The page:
On Remembrance Day, tomorrow November 11 at 3 p.m., the Théâtre du Nouveau Monde, the Opéra de Montréal and Veterans Affairs Canada, in collaboration with Place des Arts, join together to commemorate the 100th anniversary of the Great War (1914) and the 75th anniversary of the Second World War, with the play Le Journal d’Anne Frank (TNM) and the opera Silent Night (Opéra de Montréal). This event, L’ART SE SOUVIENT, will take place in Espace culturel Georges-Émile-Lapalme at Place des Arts, with the participation of the following artists: Mylène St-Sauveur, Jorane, Vanessa Marcoux and Phillip Addis, who will have the lead in Kevin Puts’ opera Silent Night in May 2015. He will sing an aria from the opera that recalls the World War I historical truce. Excerpts from Anne Franck’s Journal will also be read.

Premiered in 2011 and inspired by the film Joyeux Noël, Silent Night is a plea for peace and has won the Pulitzer Prize of Music. The lead roles will be held by Marianne Fiset, Phillip Addis, Joseph Kaiser and Daniel Okulitch. This production of the Minnesota Opera, Opera Philadelphia, Cincinnati Opera and Fort Worth Opera, will be shown in Salle Wilfrid-Pelletier on May 16, 19, 21 and 23.

The complete Beethoven Symphonies by the OSM

7 November 2014

You may have missed an instalment of the complete traversal of the Beethoven symphonies of the OSM under maestro Kent Nagano (just back from a very successful tour in Japan and China). Now, you can get all nine of them in this essential box set that offers you an essential portrait of the great master as symphonist. 

“The interplay of internal social forces and the new order in Europe created significant changes in people’s experience and values, and formed a new image in the contemporary consciousness, based on themes inherited from the Enlightenment – liberty, progress, self-determination, fighting spirit and responsibility, human dignity and happiness – apprehended afresh in a new image of humanity and a new representation of society and the world. It was for this “new humanity” that Beethoven composed his music, and in it he saw his duty as an artist and the ultimate truth of his art,” explains Kent Nagano in his introduction. “The idea of this new humanity, a new society and a new way forward, inspired him and dictated the inner programmatics of his musical thoughts even as they emerged from his pen. This is especially true of his nine symphonies. When Beethoven began his First Symphony in 1799, the symphony epitomized the generic type of complex work, in which the four movements are each defined independently in character and mood, and at the same time form a whole through their complementary musical relationships. What is so striking is that Beethoven still fundamentally adheres to the traditions established by Haydn and Mozart, always takes these as his point of departure, and then distances himself from them as far as possible. He keeps up appearances with the inherited features of his music, but the “meanings” have changed both in detail and the works as a whole. Beethoven composed nine symphonies, each so striking individually that it is best not to attempt a general description. With them, and in them, he endows orchestral music with new dimensions and qualities, and correspondingly new demands on the audience’s habitual ways of listening. There is reflection and sensation, a dominant constructive spirit, atmosphere and emotionality – all intertwined with a perspective that was radically new at the time.”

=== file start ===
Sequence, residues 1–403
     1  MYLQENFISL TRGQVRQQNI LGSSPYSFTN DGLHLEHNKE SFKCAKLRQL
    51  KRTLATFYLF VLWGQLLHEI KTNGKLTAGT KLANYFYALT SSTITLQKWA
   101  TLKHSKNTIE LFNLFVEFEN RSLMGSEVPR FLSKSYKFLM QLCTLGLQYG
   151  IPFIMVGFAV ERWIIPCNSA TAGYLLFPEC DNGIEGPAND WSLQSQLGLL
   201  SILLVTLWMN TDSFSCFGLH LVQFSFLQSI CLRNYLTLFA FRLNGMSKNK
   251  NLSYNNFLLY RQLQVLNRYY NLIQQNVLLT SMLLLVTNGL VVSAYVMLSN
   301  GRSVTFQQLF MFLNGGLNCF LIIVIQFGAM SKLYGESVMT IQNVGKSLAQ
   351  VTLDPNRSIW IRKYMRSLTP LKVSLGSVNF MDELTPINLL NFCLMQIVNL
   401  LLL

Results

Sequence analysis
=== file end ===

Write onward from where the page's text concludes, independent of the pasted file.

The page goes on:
To listen and download…

Incarceration and musical inspiration

4 November 2014

MusicBox has just started yesterday what promises to be a very interesting series about teaching music theory in a maximum security prison. How did a then student teacher react when she was confronted with men who committed extremely violent crimes, but nevertheless wanted to know the rudiments of music to be able to express themselves in other ways?

The Music Theory and Appreciation course at Auburn Correctional Facility was implemented through the Cornell Prison Education Program. Through this program and for the past 15 years, incarcerated men can get associate’s degree (through Cayuga Community College) in genetics, constitutional law, medical anthropology, Asian meditation, writing, theater, economics, and music theory. The program aims to increase an incarcerated man’s chances of reintegrating into society upon release and lessens recidivism. Is this something all correctional facilities should consider?

Julia Adolphe writes:

“Each of the seventeen men seated around the room looked at us with calm curiosity and a sincere respect. Their eyes were wide like a child’s discovering the world, yet their capacity for intellectual and philosophical exchange transcended that of the average student. They were a striking mix of total inexperience and naïvety, having spent the majority of their lives within the narrow confines of prison, and a source of devastating experiences, having lived in dangerous communities, witnessing horrors, and committing the terrible acts that led to incarceration. One man, presumably involved in gang violence, told me that prison had saved him. He believes that if he had not been arrested and removed from his situation, he would be dead by now.”

To read more…